World Bank Group Praises Ethiopia on its 5th Ethiopia Economic Update
World Bank Group
Tigrai Online, Ethiopian News, Dec. 7, 2016
The following is a basic introduction to the 79 page complete report which we provided a link for you to take a look. Those who are dreaming, planing, colabrating, and working hard to stop the Ethiopian miraculous Ethiopian economic growth are strongly adviesed to quit befor their efforts turn to thier demise. Ethiopia and Ethiopians are unstopable no matter what! TOL Admin.
Strong economic growth continued in 2014/15, but the drought slowed down Ethiopia’s growth to 8 percent in 2015/16. The Ethiopian economy grew by 8.0 in 2015/16 due to the recent drought affecting agricultural production with spillovers on the trade sector. Construction and services sectors account for most of the growth from the supply side. On the demand side, growth is driven by investment followed by private consumption. Economic growth over the past years was accompanied by a reduction of unemployment, although it remained high. Urban unemployment in the formal sector declined over the last decade, albeit slowly, and was reduced from 23 percent in 2004 to 17 percent in 2015. The urban economy is dominated by the manufacturing, construction, and services sectors with some unskilled labor migration from rural areas. Chapter 2 of this report will analyze these issues in more detail.
After double digit growth in 2014/15, Ethiopia’s economic growth slowed down in 2015/161 due to the recent drought. Real GDP grew by 8 percent in 2015/16 compared to 10.4 percent growth in 2014/15. Still, Ethiopia’s economy was among the fastest growing in the world showing how well the economy passed through adverse shocks. The growth nevertheless falls short of the Government’s own target set out in the Growth and Transformation Plan II (GTP II), which projected at 11.4 percent. Overall, the five year GTP I period (2010/11 to 2014/15) achieved a very high growth rate of 10.1 percent per year, on average. When considering the last dozen years since 2004, real GDP growth averaged 10.5 percent. This translated into an average per capita (in dollar terms) growth of 7.9 percent, which is equivalent to the annual per capita growth rate needed for Ethiopia to reach middle-income status by 2025.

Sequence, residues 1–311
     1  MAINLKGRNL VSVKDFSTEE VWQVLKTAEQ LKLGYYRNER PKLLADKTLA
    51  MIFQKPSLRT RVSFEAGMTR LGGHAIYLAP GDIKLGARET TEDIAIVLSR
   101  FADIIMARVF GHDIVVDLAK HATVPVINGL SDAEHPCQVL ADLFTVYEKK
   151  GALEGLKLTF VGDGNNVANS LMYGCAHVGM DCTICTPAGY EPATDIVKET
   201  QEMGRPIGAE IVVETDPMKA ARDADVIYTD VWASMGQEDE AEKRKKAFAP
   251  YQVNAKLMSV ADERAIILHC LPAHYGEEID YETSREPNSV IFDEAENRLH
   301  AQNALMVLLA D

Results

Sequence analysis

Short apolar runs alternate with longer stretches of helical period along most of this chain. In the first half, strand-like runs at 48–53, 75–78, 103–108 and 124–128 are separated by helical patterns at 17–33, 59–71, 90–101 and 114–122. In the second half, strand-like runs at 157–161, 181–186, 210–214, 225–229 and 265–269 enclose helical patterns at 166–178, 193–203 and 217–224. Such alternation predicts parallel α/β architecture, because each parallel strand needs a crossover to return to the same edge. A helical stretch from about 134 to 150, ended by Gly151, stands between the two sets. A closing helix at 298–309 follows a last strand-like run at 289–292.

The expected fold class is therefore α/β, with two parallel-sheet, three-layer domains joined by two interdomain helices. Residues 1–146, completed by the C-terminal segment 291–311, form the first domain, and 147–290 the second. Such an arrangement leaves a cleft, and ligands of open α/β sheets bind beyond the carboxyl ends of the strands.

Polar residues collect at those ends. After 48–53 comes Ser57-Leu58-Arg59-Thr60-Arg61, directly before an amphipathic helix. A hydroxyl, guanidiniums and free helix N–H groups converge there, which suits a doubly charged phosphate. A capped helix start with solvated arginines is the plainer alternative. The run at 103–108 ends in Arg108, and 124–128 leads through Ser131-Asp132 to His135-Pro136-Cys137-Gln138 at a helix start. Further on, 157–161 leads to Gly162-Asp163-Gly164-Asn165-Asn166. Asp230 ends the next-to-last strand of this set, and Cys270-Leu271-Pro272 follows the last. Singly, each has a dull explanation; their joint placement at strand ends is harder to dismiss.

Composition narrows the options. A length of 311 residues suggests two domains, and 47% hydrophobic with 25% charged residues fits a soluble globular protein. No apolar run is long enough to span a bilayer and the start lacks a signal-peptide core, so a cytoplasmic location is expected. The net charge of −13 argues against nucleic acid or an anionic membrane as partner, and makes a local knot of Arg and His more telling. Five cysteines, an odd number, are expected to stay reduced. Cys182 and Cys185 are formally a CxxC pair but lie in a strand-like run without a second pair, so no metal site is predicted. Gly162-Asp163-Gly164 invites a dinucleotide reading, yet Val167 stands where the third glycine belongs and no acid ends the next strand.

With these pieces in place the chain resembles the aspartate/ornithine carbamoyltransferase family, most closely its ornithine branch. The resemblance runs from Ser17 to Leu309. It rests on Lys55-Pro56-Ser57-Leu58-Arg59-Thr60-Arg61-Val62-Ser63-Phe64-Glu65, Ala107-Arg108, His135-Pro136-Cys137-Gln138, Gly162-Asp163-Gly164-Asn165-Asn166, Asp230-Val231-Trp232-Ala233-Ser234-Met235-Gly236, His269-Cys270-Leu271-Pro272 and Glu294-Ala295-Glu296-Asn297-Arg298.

Ethiopia is not a stranger to droughts and their impact is often large due to the importance of the agriculture sector in the economy and in peoples’ lives. The country has seen more than 15 drought episodes between 1964 and 2015. They varied in impact, and some of them led to full-fledged humanitarian crisis, for instance in the 1980s, and in a large drought in 2002/03. The large impact of droughts is explained by the fact that the agriculture sector is, by far, the biggest employer in Ethiopia, accounts for most merchandise exports, and is the second largest in terms of output. In addition, agricultural growth was an important driver of poverty reduction in Ethiopia over the past decade (2004 to 2014): Each percent of agricultural growth reduced poverty by 0.9 percent compared to 0.55 percent for each percent of overall GDP growth 57. Agriculture is also the major sector contributing to growth in Ethiopia. The share of agriculture was 38 percent in FY 2015, which contributed about 2.6 percentage points to the 10.2 percent GDP growth in 2014/15. Crop production accounts for about three-quarters of agriculture value-added;25 this is followed by livestock which accounts for one-fifth of the agricultural value added. Agriculture is still largely rain-fed and dominated by small holders.